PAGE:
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The 2011 ASHS Annual Conference

Visualizing and Interpreting Large Sensor Datasets for Daily Specialty Crop Management Decisions

Monday, September 26, 2011: 12:15 PM
Queens 6
Dr. John D. Lea-Cox, University of Maryland, College Park, MD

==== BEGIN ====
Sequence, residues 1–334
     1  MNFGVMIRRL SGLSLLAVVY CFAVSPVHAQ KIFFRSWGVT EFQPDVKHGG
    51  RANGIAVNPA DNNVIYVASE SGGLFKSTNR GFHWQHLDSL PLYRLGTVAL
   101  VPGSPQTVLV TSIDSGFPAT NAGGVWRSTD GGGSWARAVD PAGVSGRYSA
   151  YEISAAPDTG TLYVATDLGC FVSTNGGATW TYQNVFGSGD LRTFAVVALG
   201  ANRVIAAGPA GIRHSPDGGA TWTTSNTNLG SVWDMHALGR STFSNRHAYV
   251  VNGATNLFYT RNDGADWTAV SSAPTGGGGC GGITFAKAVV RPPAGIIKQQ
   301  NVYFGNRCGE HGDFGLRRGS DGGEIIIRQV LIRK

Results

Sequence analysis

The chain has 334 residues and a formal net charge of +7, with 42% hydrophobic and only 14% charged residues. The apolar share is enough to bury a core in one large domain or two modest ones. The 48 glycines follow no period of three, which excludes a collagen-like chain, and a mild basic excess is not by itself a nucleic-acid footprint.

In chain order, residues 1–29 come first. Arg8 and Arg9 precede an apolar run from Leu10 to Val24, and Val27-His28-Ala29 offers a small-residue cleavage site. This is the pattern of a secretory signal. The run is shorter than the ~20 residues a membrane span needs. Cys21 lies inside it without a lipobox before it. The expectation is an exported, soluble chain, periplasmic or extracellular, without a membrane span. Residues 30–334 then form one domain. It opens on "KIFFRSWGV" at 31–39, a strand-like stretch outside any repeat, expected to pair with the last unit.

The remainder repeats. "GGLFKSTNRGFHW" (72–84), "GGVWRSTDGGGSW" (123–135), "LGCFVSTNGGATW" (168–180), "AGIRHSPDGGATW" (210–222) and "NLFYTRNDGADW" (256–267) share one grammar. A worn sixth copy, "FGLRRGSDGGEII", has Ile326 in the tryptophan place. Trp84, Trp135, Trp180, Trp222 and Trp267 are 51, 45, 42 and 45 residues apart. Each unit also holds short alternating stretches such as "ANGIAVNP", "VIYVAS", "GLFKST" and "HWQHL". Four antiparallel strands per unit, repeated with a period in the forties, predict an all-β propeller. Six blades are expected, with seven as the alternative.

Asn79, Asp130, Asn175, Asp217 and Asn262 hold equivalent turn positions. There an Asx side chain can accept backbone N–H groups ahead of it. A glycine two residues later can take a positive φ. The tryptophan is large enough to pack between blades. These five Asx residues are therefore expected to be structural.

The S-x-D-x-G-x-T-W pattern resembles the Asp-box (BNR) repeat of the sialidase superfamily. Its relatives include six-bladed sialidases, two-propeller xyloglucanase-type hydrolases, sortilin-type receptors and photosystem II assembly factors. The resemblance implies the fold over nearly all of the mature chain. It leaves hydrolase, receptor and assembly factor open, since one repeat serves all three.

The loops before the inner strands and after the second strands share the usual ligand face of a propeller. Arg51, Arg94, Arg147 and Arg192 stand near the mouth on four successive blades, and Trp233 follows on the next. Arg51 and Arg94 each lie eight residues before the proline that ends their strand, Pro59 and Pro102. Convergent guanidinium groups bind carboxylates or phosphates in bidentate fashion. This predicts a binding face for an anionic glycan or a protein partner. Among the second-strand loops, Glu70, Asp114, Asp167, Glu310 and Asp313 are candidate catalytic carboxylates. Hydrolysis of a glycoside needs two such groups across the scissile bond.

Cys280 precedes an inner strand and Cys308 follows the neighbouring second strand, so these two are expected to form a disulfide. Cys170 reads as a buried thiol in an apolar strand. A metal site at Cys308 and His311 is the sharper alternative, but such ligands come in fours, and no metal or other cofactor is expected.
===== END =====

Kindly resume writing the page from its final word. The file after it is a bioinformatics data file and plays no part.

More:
With increasing use of wireless networks for gathering and reporting sensor-derived information, many needs arise for end-users to accurately interpret and use the data. As part of an SCRI-funded national project, we are implementing networks with specialty crop ornamental growers to provide them with daily management information for irrigation and nutrient management from soil moisture data, together with many other decisions that can be aided by a suite of microclimatic sensors and derived data (such as degree-days and vapor pressure deficit). This translation of information into knowledge is not trivial, since growers are time-limited and wish to make better decisions, but within a relatively short (10-15 min.) time frame. This requires that we develop software decision support tools that can handle complex computational tasks, but deliver information in intuitive ways—for example using graphical user interfaces. We are using a commercially-available software package that uses a mySQL database to download and organize large volumes of data. We are also developing a more advanced graphic user interface in collaboration with the Carnegie Mellon Robotics Institute that uses sqlite3 for the database (since this tool is serverless), making transfer of data files very easy between users. This presentation will focus on how we handle and visualize large datasets to provide growers with precision information from specific networks. This will be illustrated by using specific case-study examples of how we use simple spatial and temporal data trend analysis to give growers an insight into what is normal biological variability, and what is an anomalous reading from a bad sensor, or from incorrect calibration.